TULSA, Okla. — There is no last-second cram session for Clark Kellogg when March Madness beckons.
With more than two decades’ worth of experience in calling the NCAA Tournament for CBS, the Ohio State product will again serve as a studio analyst for this year’s action. As he prepares to offer insight into each of the 64 remaining teams in the tournament, Kellogg relies on the wealth of information built up during the course of a college basketball season.
It starts with a notebook.
“Any game that I watch, I typically chart what happened in it and what players stood out to me,” Kellogg told The Dispatch on Thursday morning, hours before the first round officially got underway.
“That way I’ve got it documented, I’ve watched it, I’ve written it down in my notebook. Then I can go back and read up on a team I watched in November and December and what my comments were on them then compared to now.”
Kellogg’s notebook holds observations from nearly every relevant team in the nation. He said he watches a lot of games involving teams from the power conferences but also makes sure he’s well-versed on the top teams in so-called mid-major leagues (think Belmont, UC Irvine, Liberty, Buffalo, etc.).
Kellogg also will visit teams to watch practice. During the season he calls a handful of games for CBS and also on radio for Westwood One, and he attends a number of Ohio State games as an alumnus and Westerville resident.
It’s a lot of information to process. Kellogg, who served as an analyst for the NCAA title game from 2008-13, then has to distill all the information, including the advanced scouting reports provided to the crew.
“I’m big on less is more,” he said. “You can go down thousands of rabbit holes with that information, but you’re not writing a book on every game. You just have to be able to converse about it, and a lot of that is observation combined with my prior observation that gives me a pretty good take on what’s happened.”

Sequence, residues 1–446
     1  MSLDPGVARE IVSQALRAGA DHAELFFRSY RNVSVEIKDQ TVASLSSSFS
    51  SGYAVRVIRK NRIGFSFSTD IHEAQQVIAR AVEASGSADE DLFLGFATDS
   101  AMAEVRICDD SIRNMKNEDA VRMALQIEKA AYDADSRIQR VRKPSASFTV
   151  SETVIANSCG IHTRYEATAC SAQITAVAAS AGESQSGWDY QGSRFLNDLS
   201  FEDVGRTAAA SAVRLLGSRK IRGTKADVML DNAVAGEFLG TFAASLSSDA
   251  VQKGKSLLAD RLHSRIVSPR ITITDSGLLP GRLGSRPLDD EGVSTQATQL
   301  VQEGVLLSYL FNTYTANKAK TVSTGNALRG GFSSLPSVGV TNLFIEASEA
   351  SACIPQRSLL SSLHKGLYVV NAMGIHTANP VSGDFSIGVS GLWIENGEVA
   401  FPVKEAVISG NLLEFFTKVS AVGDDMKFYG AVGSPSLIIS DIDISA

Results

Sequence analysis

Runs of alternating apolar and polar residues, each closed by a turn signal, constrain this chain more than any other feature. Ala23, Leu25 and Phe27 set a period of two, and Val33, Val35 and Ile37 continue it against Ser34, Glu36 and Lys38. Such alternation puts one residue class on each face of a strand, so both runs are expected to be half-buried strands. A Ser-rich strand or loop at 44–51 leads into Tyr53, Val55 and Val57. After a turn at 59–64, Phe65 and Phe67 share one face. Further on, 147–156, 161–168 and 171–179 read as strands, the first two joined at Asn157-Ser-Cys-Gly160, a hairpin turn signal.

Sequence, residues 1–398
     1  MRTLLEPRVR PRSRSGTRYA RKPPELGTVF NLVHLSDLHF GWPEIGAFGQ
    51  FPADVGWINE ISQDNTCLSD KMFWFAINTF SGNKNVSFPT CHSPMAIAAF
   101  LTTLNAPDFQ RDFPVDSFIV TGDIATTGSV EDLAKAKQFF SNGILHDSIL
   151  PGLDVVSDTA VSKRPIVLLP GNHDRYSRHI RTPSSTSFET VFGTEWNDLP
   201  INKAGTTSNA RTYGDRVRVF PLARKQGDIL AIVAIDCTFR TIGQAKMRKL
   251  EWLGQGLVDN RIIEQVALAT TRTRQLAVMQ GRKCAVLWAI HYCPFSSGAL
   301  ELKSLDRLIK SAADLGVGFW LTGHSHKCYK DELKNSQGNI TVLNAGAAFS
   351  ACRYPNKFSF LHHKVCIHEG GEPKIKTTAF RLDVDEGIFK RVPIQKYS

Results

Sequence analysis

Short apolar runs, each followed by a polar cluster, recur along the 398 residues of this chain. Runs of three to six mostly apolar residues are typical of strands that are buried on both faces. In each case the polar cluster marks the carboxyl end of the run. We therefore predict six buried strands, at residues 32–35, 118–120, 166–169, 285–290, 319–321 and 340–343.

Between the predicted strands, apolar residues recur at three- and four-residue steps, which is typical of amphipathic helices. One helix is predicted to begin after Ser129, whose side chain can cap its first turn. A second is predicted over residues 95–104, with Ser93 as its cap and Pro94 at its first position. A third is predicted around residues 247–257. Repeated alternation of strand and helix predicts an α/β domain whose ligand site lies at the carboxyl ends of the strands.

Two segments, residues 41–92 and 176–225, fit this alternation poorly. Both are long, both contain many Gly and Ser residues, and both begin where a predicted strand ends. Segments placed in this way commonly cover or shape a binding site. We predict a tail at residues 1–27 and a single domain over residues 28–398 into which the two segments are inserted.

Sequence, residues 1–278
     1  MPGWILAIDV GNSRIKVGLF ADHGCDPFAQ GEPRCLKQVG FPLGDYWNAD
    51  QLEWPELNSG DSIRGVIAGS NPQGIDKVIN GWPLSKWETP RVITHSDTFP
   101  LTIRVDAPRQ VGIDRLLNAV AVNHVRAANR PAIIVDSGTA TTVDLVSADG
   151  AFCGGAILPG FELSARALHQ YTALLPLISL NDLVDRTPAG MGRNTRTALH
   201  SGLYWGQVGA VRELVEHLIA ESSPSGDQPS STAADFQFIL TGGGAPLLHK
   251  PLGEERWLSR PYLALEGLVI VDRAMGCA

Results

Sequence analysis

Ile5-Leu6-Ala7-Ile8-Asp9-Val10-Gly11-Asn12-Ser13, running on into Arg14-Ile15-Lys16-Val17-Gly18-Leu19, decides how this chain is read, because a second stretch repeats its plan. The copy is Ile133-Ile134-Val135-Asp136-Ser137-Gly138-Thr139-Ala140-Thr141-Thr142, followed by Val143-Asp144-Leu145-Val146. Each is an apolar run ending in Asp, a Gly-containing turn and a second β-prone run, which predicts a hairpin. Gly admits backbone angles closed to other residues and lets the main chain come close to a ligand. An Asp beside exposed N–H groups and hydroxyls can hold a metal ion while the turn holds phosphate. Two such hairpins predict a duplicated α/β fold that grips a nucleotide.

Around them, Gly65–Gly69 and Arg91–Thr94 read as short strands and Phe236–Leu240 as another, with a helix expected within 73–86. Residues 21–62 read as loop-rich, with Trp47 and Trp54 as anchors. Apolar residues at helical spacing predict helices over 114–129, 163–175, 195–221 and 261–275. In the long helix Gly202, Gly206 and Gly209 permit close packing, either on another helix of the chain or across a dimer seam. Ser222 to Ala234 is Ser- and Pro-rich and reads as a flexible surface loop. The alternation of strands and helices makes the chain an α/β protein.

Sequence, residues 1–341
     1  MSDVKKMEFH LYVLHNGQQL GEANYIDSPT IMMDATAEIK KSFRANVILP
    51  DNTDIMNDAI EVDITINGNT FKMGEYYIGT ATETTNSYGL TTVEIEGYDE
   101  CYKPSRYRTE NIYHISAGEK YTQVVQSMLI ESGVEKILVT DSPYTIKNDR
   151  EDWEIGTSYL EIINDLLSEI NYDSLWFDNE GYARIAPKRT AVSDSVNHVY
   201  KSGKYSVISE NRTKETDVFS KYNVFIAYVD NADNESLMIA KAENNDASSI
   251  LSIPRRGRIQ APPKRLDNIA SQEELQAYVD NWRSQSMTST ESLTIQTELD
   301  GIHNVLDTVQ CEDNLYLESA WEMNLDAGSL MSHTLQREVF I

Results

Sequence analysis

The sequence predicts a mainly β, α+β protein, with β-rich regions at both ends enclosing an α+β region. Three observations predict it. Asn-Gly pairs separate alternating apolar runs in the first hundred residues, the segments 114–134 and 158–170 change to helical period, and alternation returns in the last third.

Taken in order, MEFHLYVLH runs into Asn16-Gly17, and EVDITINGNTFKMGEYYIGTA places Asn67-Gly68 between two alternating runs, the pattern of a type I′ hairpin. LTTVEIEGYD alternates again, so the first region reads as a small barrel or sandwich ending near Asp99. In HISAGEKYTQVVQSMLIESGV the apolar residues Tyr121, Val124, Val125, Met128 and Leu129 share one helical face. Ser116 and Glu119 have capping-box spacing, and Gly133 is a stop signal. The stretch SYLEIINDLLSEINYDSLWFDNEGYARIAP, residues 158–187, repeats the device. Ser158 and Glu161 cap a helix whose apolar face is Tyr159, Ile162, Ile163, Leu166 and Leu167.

This year, former Ohio State standout Jim Jackson is making his debut as a member of the broadcast crew covering the tournament. As he transitioned from his career as a pro basketball player into a broadcaster, he reached out to Kellogg for advice. Including the likes of Kirk Herbstreit, Cris Carter and Robert Smith on the football side, the Buckeyes have a sizeable contingent in the national conversation.
“(Jim) texted me when he found out and I was thrilled for him, because obviously he does a great job and is one of the great Buckeyes in the history of our program,” Kellogg said. “Obviously the Buckeye connection makes it more special when you see … guys that have passed through the Ohio State family that are doing great work on television. It’s about knowing the game and then being committed to doing the work, and those guys have all stepped into it.”
When his alma mater tips Friday night against Iowa State in Tulsa’s BOK Center, Kellogg will be in-studio in front of a big monitor on wheels showing every game in action.
He believes the Buckeyes are going to have to score at a high level to beat the Cyclones.
“I don’t think they can beat Iowa State (if the score is) in the 60s,” he said. “I could be wrong, but it’s a really good offensive team. You’ve got to score the ball, I think, and you do that with good, solid offense and taking care of opportunities.
“I think the (key for the Buckeyes will be) turnovers, offensive flow and then how they defend Iowa State, because they’ll spread you out. They’ve got shot-makers and playmakers pretty much at every spot, the Cyclones do, and it’s hard to plug all those dikes.”